I use an IR thermometer whenever I want to read the temperature of stove or pipe. I hardly do that at all anymore. I burn mostly pine and some aspen, whatever needs thinning or the wind blew down. I like aspen as when dry it is a clean burn, but we have way more pine. FYI, all wood has the same BTU output per pound; so the denser the species the more heat per stick or volume. The pine pitch does add some BYU's. Most creosote buildup comes from wet wood and/or too many low smouldering fires regardless of the species.

I usually have a hot burn most mornings. Clean the pipe once a year and have never had a worrisome amount of buildup . The lower telescoping black pipe runs hot enough with the fast AM burn that it stays pretty clean. The insulated pipe holds the heat well enough to manage the creosote buildup. That goes for all the VC I have had or still have.

The wood I burn is very well seasoned, most often two years or better, and stored under cover. I keep way ahead of myself as I also sell some to campers thru camping season.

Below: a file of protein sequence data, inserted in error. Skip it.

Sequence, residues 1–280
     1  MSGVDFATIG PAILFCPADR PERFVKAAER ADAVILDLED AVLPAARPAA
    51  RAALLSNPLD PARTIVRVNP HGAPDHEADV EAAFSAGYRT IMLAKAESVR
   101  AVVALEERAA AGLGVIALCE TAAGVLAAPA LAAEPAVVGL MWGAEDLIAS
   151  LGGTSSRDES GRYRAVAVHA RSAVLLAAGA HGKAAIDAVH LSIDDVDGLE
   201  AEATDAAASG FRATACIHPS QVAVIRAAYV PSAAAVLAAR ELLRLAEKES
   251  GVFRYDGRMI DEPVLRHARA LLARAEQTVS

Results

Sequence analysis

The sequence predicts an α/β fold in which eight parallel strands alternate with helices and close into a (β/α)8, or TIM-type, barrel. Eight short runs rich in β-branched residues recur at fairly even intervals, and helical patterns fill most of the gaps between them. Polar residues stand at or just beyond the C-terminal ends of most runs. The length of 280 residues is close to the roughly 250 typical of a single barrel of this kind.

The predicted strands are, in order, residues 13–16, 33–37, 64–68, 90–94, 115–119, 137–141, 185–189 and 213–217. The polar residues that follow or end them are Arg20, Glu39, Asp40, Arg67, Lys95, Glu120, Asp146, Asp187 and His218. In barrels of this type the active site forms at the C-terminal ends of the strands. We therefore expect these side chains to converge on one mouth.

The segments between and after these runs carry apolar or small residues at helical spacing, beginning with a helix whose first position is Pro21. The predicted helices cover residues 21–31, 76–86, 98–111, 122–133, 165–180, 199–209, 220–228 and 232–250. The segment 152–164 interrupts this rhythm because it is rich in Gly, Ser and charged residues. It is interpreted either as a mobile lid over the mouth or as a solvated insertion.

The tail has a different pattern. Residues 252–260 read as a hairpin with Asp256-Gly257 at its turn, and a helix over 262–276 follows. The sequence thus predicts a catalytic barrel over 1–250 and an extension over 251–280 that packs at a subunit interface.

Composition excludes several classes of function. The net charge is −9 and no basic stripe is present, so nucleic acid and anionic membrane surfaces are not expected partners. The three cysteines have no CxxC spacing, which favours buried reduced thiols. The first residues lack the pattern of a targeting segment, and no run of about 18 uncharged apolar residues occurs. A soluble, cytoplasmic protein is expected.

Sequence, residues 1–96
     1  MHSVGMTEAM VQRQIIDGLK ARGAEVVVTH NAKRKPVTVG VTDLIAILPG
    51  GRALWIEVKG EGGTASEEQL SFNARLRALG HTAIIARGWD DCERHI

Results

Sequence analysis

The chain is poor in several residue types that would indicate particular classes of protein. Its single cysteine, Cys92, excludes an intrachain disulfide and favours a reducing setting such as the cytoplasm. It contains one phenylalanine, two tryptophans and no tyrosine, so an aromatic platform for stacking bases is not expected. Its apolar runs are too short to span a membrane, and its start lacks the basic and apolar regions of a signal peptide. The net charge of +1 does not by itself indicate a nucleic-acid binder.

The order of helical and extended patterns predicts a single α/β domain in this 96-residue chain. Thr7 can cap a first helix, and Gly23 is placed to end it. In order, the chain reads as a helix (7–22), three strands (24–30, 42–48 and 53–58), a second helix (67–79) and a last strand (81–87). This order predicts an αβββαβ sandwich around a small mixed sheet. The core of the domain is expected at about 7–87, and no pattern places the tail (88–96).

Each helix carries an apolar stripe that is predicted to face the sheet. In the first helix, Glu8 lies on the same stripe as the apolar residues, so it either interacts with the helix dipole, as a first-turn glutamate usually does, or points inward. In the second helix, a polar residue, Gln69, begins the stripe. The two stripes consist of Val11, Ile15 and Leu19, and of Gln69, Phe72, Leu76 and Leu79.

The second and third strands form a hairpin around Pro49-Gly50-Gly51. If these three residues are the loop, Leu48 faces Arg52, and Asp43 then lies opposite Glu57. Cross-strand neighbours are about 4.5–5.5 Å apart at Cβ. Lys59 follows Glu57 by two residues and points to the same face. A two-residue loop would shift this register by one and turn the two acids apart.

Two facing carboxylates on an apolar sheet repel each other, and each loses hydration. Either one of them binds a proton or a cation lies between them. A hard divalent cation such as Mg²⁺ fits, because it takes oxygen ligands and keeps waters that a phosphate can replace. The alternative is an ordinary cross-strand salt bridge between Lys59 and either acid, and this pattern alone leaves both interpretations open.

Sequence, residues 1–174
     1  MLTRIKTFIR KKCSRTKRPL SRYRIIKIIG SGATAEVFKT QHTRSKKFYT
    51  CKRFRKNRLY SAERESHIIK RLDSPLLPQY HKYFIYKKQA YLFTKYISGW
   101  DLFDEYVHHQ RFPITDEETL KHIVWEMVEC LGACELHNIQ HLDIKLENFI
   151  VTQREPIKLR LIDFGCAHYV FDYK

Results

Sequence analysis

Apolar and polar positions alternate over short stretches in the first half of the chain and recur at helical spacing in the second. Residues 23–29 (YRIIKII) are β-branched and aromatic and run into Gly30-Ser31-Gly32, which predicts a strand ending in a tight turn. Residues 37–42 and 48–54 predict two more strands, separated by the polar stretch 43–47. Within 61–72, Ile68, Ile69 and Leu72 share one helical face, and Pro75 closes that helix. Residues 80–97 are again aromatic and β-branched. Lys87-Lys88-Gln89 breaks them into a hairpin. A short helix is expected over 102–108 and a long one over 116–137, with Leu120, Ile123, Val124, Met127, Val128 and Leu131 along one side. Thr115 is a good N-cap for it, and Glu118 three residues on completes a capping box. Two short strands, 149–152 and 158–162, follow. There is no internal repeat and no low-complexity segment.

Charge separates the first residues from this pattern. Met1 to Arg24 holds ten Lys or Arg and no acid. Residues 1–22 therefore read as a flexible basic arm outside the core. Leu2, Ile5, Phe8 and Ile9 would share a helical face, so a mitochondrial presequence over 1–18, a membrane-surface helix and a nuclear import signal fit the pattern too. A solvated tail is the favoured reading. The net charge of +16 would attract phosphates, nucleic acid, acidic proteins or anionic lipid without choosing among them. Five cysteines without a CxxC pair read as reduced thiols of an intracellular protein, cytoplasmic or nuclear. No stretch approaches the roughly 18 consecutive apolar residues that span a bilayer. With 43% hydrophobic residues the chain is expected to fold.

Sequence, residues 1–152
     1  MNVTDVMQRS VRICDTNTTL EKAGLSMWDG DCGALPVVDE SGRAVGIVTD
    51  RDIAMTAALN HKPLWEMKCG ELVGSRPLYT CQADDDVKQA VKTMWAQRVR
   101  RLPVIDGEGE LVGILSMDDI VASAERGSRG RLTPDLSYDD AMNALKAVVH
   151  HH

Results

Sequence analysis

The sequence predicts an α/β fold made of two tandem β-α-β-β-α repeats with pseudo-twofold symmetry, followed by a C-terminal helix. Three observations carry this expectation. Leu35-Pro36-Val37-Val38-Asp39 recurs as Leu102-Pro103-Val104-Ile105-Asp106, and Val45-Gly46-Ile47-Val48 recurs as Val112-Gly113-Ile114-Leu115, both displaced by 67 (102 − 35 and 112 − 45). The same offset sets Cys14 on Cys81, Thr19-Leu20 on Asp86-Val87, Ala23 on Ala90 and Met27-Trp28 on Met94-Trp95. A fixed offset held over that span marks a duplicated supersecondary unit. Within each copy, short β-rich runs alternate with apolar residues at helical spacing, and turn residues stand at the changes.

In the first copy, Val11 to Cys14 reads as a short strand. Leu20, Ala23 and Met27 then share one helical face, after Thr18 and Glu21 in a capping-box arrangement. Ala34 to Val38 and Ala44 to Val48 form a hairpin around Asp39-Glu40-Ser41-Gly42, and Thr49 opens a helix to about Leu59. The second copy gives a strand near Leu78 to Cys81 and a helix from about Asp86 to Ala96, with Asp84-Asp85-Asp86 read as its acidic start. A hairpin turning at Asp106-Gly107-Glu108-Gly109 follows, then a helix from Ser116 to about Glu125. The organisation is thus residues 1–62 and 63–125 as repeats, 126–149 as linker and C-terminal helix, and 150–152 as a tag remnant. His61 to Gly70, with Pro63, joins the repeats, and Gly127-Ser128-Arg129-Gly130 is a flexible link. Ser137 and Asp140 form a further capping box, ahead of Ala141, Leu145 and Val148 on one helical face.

The door latch on the aspen may need ocassional latch adjustments to compensate for any compression of the door gasket. I have not needed very many adjustments. Years apart as a rule.

# Posted: 19 May 2019 08:11

I have been useing a VC stove since the mid 1990s. My primary heat source is a VC defiant with a CAT. I can tell you that an outside air kit will really help. I burn 25-30* less wood and have a warmer house in the process.

I have a spare CAT and fiber secondary chamber but havnt needed them. My stove is a 2006 model. All i do is clean it 2x a year and i have changed the top griddle gasket once. I burn 4cords of hardwood a year. Start the fire in oct/nov and put it out mar/april. I never let it go out in heating season but to clean it once.